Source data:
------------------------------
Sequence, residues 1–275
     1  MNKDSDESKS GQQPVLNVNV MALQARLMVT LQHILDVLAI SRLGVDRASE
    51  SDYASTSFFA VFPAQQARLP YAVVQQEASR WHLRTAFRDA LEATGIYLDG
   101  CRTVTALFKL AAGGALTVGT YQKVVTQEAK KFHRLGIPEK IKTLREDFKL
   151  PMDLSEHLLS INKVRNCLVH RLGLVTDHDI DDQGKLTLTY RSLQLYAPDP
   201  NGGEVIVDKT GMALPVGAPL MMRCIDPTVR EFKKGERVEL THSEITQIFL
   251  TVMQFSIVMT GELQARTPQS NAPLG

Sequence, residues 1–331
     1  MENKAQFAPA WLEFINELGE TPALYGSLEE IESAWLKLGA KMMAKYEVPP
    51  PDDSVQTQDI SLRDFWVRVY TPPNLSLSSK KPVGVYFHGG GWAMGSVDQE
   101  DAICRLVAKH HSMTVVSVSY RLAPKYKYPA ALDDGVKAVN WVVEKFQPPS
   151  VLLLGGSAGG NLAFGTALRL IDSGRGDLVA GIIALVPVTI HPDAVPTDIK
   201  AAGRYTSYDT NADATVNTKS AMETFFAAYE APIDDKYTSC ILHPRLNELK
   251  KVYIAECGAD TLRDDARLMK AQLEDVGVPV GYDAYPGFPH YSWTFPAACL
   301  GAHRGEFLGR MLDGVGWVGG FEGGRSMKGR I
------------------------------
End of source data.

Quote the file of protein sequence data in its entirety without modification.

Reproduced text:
Sequence, residues 1–275
     1  MNKDSDESKS GQQPVLNVNV MALQARLMVT LQHILDVLAI SRLGVDRASE
    51  SDYASTSFFA VFPAQQARLP YAVVQQEASR WHLRTAFRDA LEATGIYLDG
   101  CRTVTALFKL AAGGALTVGT YQKVVTQEAK KFHRLGIPEK IKTLREDFKL
   151  PMDLSEHLLS INKVRNCLVH RLGLVTDHDI DDQGKLTLTY RSLQLYAPDP
   201  NGGEVIVDKT GMALPVGAPL MMRCIDPTVR EFKKGERVEL THSEITQIFL
   251  TVMQFSIVMT GELQARTPQS NAPLG

Sequence, residues 1–331
     1  MENKAQFAPA WLEFINELGE TPALYGSLEE IESAWLKLGA KMMAKYEVPP
    51  PDDSVQTQDI SLRDFWVRVY TPPNLSLSSK KPVGVYFHGG GWAMGSVDQE
   101  DAICRLVAKH HSMTVVSVSY RLAPKYKYPA ALDDGVKAVN WVVEKFQPPS
   151  VLLLGGSAGG NLAFGTALRL IDSGRGDLVA GIIALVPVTI HPDAVPTDIK
   201  AAGRYTSYDT NADATVNTKS AMETFFAAYE APIDDKYTSC ILHPRLNELK
   251  KVYIAECGAD TLRDDARLMK AQLEDVGVPV GYDAYPGFPH YSWTFPAACL
   301  GAHRGEFLGR MLDGVGWVGG FEGGRSMKGR I